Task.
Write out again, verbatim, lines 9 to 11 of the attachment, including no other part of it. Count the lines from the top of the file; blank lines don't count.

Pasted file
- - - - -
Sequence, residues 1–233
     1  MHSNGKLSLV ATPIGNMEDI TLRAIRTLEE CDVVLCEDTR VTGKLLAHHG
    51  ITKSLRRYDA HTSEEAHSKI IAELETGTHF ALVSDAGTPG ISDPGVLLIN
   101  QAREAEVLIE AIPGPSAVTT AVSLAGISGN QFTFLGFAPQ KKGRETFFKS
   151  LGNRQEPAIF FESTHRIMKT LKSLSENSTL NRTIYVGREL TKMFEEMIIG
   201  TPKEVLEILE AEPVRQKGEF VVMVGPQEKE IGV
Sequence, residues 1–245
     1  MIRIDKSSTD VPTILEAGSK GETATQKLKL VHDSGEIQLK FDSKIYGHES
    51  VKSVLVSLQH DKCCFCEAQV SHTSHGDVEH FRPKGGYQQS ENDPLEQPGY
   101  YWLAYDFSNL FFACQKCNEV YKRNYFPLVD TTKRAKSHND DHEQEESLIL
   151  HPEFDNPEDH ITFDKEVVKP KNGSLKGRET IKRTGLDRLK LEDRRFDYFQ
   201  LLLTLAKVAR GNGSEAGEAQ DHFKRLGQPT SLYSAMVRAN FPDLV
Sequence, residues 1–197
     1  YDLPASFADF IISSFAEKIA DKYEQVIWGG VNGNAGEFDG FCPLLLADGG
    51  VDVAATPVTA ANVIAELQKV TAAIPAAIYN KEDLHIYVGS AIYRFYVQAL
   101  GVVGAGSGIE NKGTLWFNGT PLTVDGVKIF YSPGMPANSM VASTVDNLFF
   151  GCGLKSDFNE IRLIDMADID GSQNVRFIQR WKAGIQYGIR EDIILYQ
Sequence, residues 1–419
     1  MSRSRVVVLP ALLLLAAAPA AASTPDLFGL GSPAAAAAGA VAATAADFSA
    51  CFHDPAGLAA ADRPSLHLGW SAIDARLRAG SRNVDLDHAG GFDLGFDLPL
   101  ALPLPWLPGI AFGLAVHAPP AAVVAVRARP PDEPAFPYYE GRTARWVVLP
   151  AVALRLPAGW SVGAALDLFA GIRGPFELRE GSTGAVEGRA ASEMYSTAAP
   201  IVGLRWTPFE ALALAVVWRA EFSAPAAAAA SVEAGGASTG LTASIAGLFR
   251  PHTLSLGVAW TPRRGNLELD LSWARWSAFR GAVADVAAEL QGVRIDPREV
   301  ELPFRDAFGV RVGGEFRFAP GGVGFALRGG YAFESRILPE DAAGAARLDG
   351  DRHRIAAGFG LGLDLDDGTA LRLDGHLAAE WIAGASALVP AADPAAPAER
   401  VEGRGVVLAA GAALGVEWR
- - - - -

    51  VKSVLVSLQH DKCCFCEAQV SHTSHGDVEH FRPKGGYQQS ENDPLEQPGY
   101  YWLAYDFSNL FFACQKCNEV YKRNYFPLVD TTKRAKSHND DHEQEESLIL
   151  HPEFDNPEDH ITFDKEVVKP KNGSLKGRET IKRTGLDRLK LEDRRFDYFQ